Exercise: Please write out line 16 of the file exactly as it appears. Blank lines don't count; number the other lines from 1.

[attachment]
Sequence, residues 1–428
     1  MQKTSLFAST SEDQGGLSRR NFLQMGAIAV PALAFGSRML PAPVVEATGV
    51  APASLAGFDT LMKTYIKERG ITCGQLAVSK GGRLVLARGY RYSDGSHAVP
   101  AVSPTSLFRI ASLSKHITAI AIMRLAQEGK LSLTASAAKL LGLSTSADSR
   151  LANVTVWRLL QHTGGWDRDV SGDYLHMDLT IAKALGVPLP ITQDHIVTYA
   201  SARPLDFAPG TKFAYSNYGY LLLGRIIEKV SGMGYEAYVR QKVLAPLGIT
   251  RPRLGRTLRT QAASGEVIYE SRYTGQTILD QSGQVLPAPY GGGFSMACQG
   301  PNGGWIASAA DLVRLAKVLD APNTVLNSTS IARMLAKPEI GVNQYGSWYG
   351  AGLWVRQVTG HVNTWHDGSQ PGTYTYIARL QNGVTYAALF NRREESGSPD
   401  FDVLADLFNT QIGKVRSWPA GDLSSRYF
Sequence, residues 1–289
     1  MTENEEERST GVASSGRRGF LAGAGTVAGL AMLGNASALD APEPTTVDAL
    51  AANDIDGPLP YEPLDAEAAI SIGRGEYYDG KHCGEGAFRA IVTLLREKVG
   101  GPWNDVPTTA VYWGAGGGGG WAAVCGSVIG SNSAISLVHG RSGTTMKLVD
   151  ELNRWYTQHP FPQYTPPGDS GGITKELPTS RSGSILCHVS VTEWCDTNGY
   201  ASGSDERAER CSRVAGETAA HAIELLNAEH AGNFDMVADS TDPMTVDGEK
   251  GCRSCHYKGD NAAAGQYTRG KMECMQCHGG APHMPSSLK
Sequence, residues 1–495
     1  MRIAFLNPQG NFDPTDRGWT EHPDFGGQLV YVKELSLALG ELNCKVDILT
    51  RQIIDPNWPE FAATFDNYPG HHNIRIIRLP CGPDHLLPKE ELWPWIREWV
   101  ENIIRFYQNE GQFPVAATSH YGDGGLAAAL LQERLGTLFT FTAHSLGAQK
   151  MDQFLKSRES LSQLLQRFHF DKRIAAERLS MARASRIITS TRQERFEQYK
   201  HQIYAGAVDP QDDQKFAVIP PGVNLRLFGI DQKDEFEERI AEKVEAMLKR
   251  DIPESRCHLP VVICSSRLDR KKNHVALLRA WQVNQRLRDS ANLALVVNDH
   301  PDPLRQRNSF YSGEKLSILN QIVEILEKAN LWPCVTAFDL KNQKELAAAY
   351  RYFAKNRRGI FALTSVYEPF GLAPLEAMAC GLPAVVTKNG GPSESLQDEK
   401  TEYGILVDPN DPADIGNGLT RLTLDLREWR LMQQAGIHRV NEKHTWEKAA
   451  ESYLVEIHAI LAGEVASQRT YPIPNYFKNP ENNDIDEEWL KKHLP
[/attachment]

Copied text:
   201  ASGSDERAER CSRVAGETAA HAIELLNAEH AGNFDMVADS TDPMTVDGEK